Home sweet home, take 2: how can such representations be resisted? It's an ambitious project, true, but it's not like there's something better to do. In the conditions I described above the battle seems extremely difficult, and I strongly believe that it cannot be won with the production of 'counter-images', because no matter how good these images are, they will be interpreted according to pre-existing paradigms, systems of thought that an individual has no control over. In these conditions images can become mute and self-mutilating, and in a sense only texts can save them from themselves. The process is long and complicated, and to be honest I don't believe that it has reached a theoretical maturity that would allow it to be laid down on paper in a clear fashion. Instead I will go into the production details of a joint project between Walid Raad and myself; the project was called "We Can Make Rain but No One Came to Ask", and it was presented in Frankfurt lately. The project consisted of ('digitally corrected') images- in fact only one image, that of a building I will describe later, graphs, a text in the form of an e-mail from me to Walid, and a conversation between us, and later with the audience. The end result was supposed to be yet another representation of Beirut (a Lebanese, Middle-Eastern and/or Arab city), but a representation that takes into account the complexity of the city and, hopefully, that would point out the impossibility of taking a 'snapshot' of it, or of dwelling in it. Beirut- or at least some of it- transforms its citizens into permanent tourists, into urban nomadic masses that are always ready to perform in a spectacle that is yet to see the light. The status of performing tourists makes dwelling impossible (in the sense defined by Heidegger, but also Adorno to some extent); it turns any image taken by any camera into a post-card in the making- this is why our image was digitally corrected, to make it look as if it was a façade drawn by an architectural firm, still unspoiled by any traces that might be left on it by time. Finally, the e-mail contains a lot of references that might seem cryptic to a Western audience, but that can be clarified with a little bit of effort from the part of that audience; after all, when being asked to perform all the time, one tends to cling to his right to be lazy. The only reference that I will clarify is the one to "the only city I got", which comes directly from Ahmad Baydoun, who said recently that "Lebanon is the only country I got, and even though I know its flaws, I do not feel the need to be apologetic about them". Baydoun's text was written in response to the declarations of Mr. Khatami, the Iranian president who upon visiting Lebanon almost considered it to be a paradise on earth, a model of religious coexistence that should be studied by the entire region.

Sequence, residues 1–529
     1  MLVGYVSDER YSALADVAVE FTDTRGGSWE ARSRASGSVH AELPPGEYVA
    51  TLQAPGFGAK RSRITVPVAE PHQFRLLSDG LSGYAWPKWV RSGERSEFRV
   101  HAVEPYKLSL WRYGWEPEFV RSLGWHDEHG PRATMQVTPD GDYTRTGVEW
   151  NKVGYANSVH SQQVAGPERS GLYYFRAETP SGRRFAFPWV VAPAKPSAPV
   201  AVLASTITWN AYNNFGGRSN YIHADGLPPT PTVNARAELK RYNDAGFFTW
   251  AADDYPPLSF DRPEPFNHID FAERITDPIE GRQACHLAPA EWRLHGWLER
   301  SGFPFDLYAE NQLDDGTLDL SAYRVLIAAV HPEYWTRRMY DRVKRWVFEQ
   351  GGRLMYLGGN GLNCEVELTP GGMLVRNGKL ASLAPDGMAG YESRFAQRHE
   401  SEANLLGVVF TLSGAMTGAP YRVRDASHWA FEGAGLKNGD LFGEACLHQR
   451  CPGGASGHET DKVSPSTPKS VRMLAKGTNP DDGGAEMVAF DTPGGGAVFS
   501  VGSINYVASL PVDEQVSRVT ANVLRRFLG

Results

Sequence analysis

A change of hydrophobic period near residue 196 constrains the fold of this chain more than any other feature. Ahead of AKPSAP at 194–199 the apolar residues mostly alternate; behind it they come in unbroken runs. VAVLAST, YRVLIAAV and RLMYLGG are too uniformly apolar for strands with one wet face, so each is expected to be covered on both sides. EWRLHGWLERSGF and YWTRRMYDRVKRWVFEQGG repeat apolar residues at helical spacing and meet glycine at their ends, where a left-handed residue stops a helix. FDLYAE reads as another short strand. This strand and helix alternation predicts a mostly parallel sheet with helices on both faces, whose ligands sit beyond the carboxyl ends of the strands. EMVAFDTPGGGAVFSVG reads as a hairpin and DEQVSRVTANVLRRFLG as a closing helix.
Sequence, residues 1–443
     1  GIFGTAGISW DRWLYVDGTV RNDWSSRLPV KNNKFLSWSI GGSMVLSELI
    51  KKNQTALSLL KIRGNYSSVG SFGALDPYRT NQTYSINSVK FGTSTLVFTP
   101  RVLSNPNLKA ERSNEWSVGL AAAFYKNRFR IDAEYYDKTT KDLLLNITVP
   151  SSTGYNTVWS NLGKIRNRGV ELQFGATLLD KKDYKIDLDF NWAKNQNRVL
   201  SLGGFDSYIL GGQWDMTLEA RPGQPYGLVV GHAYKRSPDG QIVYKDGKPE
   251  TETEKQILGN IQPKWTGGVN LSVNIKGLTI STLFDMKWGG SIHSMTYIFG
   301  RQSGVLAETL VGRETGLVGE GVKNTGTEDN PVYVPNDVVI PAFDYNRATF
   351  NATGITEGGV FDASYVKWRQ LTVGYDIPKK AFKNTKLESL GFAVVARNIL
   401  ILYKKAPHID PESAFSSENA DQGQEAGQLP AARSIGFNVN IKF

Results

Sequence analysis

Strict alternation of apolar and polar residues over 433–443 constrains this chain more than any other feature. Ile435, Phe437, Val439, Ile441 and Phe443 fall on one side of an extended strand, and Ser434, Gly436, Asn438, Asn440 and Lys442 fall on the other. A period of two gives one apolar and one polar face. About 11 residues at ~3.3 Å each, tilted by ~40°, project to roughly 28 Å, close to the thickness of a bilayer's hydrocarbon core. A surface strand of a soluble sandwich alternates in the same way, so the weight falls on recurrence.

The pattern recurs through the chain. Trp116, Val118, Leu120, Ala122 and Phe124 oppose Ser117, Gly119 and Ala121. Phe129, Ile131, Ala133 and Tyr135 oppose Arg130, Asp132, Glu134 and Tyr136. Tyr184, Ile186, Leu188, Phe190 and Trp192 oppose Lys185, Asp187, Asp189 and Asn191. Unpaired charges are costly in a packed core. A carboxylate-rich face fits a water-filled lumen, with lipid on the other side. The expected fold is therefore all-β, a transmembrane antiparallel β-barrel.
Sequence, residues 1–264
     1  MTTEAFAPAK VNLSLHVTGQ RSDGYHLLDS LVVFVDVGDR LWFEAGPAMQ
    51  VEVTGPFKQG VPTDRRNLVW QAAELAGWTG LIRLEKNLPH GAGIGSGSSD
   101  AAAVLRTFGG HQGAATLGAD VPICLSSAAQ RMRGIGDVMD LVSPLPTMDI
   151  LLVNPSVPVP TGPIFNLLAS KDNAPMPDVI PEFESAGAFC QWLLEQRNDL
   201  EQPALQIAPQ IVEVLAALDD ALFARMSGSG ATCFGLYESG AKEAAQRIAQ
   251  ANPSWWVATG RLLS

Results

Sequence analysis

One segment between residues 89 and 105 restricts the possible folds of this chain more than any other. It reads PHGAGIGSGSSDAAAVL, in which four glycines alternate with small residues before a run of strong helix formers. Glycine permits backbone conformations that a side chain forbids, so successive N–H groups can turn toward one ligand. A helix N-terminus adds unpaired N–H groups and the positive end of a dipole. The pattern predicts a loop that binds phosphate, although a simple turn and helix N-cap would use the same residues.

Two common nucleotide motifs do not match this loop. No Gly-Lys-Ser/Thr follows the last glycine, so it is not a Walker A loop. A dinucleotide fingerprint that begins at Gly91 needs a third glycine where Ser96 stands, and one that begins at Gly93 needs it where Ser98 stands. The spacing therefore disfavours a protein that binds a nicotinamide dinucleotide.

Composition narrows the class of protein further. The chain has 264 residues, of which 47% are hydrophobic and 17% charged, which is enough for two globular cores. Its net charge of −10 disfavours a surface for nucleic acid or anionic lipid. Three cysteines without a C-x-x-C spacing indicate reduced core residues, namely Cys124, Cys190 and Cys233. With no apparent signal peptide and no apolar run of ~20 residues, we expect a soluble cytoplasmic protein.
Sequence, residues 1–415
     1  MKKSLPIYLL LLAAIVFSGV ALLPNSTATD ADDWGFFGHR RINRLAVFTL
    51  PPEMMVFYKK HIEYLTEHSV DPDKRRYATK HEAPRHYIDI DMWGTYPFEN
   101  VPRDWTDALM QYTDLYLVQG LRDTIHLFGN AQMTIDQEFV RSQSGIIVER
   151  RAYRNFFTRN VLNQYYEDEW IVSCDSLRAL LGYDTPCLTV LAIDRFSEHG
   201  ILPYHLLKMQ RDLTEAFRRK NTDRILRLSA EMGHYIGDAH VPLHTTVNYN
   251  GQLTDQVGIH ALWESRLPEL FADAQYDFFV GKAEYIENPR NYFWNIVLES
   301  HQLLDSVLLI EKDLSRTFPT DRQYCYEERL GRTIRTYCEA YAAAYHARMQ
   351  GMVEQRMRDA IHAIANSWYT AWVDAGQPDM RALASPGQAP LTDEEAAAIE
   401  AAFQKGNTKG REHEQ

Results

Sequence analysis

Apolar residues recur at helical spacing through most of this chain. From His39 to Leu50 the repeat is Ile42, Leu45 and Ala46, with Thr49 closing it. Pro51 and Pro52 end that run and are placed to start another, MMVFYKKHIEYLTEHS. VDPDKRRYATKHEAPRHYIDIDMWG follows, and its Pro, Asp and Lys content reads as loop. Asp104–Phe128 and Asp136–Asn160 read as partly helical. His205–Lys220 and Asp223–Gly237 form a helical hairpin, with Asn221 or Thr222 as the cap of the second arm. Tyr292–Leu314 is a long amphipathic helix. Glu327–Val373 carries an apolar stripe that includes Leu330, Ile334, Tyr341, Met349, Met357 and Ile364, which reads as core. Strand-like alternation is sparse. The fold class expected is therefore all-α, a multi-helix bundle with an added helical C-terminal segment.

I think I already told you that 50 people or so from the Rietveld Academy in Amsterdam came to Beirut for a project they are involved in. They contacted many people, including me, and organized activities (presentations, lectures ...) with them; I wasn't really in the mood for an indoor presentation, especially now that the weather is so mild and beautiful, so I gave them a text I had previously written and suggested that I take them for an evening walk around Ashrafieh. We started in Sassine Square, and it was a bit chaotic, since 25 people showed up, enough for the authorities to arrest us on the basis of staging an illegal demonstration. Our walk took us to the road parallel to the Damascus road, where the Centre Culturel Français is, from the side of the Lycée Français- you know that road, it's deserted at night (and it was dark already) with very few street lamps and not a lot of constructions, just a few old houses here and there, and if you continue straight ahead you'd be right behind the Jewish and Evangelical cemeteries. As we were walking we passed alongside this strange white construction, a cross between an elongated ziggurat and a flattened Egyptian pyramid, the tallest building in the area and the most well-lit by a street lamp. Obviously it attracted a lot of curiosity and a lot of questions were asked- questions to which I had only a few answers; I know that building very well, but I know nothing of it except for an urban legend surrounding it with more mystery: I was told, when I was a kid, that the building was constructed by one man, an architect, who then locked himself inside and later committed suicide, and his spirit still haunts the place, you know, the usual. I was sharing this information with the Dutch group, insisting that the building has long been abandoned, when the light above the main door was lit, the door opened and someone went in, nothing unusual, just a regular man entering casually in what seems to be a regular house- his house.